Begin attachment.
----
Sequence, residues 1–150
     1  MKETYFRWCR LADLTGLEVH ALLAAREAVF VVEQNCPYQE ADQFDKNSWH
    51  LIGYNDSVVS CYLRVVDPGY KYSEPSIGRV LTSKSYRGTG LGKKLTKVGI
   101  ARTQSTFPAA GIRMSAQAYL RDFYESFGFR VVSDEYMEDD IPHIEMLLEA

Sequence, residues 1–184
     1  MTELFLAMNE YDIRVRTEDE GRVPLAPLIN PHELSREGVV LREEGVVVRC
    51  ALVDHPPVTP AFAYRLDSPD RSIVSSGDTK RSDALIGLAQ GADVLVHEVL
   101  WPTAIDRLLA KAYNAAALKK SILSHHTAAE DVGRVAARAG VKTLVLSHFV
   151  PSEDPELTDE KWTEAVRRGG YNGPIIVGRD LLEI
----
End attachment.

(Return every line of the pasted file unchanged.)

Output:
Sequence, residues 1–150
     1  MKETYFRWCR LADLTGLEVH ALLAAREAVF VVEQNCPYQE ADQFDKNSWH
    51  LIGYNDSVVS CYLRVVDPGY KYSEPSIGRV LTSKSYRGTG LGKKLTKVGI
   101  ARTQSTFPAA GIRMSAQAYL RDFYESFGFR VVSDEYMEDD IPHIEMLLEA

Sequence, residues 1–184
     1  MTELFLAMNE YDIRVRTEDE GRVPLAPLIN PHELSREGVV LREEGVVVRC
    51  ALVDHPPVTP AFAYRLDSPD RSIVSSGDTK RSDALIGLAQ GADVLVHEVL
   101  WPTAIDRLLA KAYNAAALKK SILSHHTAAE DVGRVAARAG VKTLVLSHFV
   151  PSEDPELTDE KWTEAVRRGG YNGPIIVGRD LLEI